Dyankova's WebQuest was colorful, creative and full of engaging ideas, but in the end students were required to produce a PowerPoint presentation of their discoveries. At this point, I started thinking about my own history class WebQuests and how much more fun it was to involve the students in the process of creating a blog, taking photographs to illustrate posts and publishing blog posts for OUR blog. They also published prezis (Prezi.com) of their own "lectures," commented teachers' blog posts which were based on lectures in class, commented each others' blog posts and gave feedback online: History in English: Freedom Struggles Around the World.

PowerPoints are still very popular in schools and taught by many teachers. I fail to see why. PowerPoint is so old school. Let me explain why.

Student autonomy is the first incentive to any successful project and that can only be achieved by actively involving and encouraging students to create new content for the web. In the process they learn to censor themselves, think about copyrights and netiquette, practice constructive criticism and produce something they can call their own and be proud of for the world to enjoy.

Our course goes by the name interactive webskills. Interaction is the key element of social media. If a teacher merely creates something that has already been chewed up and processed FOR the students, they have no emotional ties to the web project and are therefore less motivated. Interaction on the web is achieved by commenting tools which are available when using blogs, Facebook, discussion forums, prezis, YouTube, collaborative mind maps etc. PowerPoint is not a webtool, unless it is published in a blog post, and is therefore far from interactive.

For my final project, I promise to involve my students in the entire process and give them the chance to show me the full scale of their skills on the interactive world wide web. Every teacher should do the same. You might be amazed!

I often show this video to my students before they start making their presentations and just for laughs:

And here is a sweded version of Harry Potter that my students created for Drama in English. We had so much fun and the video is amazing. You can read the feedback for the course on our blog, Sweet sweded!:

Delicous links

Check out my new link list on Delicious.com! I like to share links for my students on the orientation blog that I have created for all the English courses that I teach. However, I think I might use the stacking option of Delicious to share educational web tools with other teachers.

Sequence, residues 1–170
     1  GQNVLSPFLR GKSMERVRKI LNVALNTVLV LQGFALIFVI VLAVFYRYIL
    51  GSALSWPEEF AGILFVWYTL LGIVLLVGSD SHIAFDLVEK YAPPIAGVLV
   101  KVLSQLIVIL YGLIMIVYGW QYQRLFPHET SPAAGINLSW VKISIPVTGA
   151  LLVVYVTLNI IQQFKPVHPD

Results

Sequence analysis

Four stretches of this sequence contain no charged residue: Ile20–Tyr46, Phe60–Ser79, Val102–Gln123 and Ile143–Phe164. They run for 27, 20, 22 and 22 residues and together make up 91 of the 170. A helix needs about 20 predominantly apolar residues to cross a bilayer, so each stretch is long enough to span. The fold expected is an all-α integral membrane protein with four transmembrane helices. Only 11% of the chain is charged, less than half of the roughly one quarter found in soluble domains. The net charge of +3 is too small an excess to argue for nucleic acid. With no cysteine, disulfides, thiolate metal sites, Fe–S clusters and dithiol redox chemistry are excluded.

The Internet is a jungle. You have to be careful not to let your link lists get too lengthy. Too much information is hard to process and use to the students' advantage. Stacking and categorizing them is a great idea. Including a brief introduction and sharing lesson plans also help others survive in the jungle.



I learned a lot during the second week of our Web Skills Course. I discovered many new valuable search engines to use with my students from NoodleTools. I was especially intrigued by SweetSearch and AmericanMemory because I am teaching a History in English course which would greatly benefit from these sources.

I also learned that it is important to clarify task-specific objectives with measurable behaviors. For this task I used Penn State's Learning Design Community Hub. I realized that I am used to writing objectives for high school courses, but the last time I wrote down task-based objectives according to the ABCD-model was when I was training to become a teacher and our instructors wanted to see what we were getting at when assigning a task to our class. It was refreshing to actually sit down and approach tasks from an ABCD point-of-view again. Of course I always have the model in mind when teaching, but I don't write it down anymore. It is quite automatic after years of experience to consider the audience, their expected behavior, the conditions of the classroom and the degree of mastery that I require of my students. It is a constant thought-process, but one that I have not consciously recognized for quite some time.